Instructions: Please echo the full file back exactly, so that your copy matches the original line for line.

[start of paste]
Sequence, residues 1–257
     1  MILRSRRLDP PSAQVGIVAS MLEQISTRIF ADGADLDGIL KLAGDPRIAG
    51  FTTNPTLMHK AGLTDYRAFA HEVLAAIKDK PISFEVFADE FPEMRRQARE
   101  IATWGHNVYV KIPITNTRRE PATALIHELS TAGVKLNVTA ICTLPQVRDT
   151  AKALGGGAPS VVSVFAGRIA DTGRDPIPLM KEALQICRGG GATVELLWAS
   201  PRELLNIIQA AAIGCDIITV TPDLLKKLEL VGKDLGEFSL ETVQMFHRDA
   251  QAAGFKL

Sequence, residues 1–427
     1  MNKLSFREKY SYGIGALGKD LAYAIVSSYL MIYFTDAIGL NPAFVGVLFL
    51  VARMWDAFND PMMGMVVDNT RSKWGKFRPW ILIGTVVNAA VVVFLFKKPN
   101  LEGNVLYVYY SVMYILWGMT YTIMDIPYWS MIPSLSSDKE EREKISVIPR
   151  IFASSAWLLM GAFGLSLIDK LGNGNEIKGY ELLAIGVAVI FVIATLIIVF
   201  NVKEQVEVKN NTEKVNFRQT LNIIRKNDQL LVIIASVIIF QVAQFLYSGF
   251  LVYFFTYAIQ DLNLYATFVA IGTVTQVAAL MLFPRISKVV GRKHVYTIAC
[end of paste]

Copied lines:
Sequence, residues 1–257
     1  MILRSRRLDP PSAQVGIVAS MLEQISTRIF ADGADLDGIL KLAGDPRIAG
    51  FTTNPTLMHK AGLTDYRAFA HEVLAAIKDK PISFEVFADE FPEMRRQARE
   101  IATWGHNVYV KIPITNTRRE PATALIHELS TAGVKLNVTA ICTLPQVRDT
   151  AKALGGGAPS VVSVFAGRIA DTGRDPIPLM KEALQICRGG GATVELLWAS
   201  PRELLNIIQA AAIGCDIITV TPDLLKKLEL VGKDLGEFSL ETVQMFHRDA
   251  QAAGFKL

Sequence, residues 1–427
     1  MNKLSFREKY SYGIGALGKD LAYAIVSSYL MIYFTDAIGL NPAFVGVLFL
    51  VARMWDAFND PMMGMVVDNT RSKWGKFRPW ILIGTVVNAA VVVFLFKKPN
   101  LEGNVLYVYY SVMYILWGMT YTIMDIPYWS MIPSLSSDKE EREKISVIPR
   151  IFASSAWLLM GAFGLSLIDK LGNGNEIKGY ELLAIGVAVI FVIATLIIVF
   201  NVKEQVEVKN NTEKVNFRQT LNIIRKNDQL LVIIASVIIF QVAQFLYSGF
   251  LVYFFTYAIQ DLNLYATFVA IGTVTQVAAL MLFPRISKVV GRKHVYTIAC